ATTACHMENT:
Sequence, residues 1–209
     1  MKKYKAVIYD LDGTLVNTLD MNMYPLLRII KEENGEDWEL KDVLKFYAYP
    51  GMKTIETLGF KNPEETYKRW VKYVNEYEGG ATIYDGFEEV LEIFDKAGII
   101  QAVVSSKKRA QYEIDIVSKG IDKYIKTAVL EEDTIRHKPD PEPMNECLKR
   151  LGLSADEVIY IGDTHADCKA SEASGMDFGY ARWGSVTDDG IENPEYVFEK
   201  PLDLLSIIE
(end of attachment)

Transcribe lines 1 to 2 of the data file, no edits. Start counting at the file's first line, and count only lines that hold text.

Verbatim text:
Sequence, residues 1–209
     1  MKKYKAVIYD LDGTLVNTLD MNMYPLLRII KEENGEDWEL KDVLKFYAYP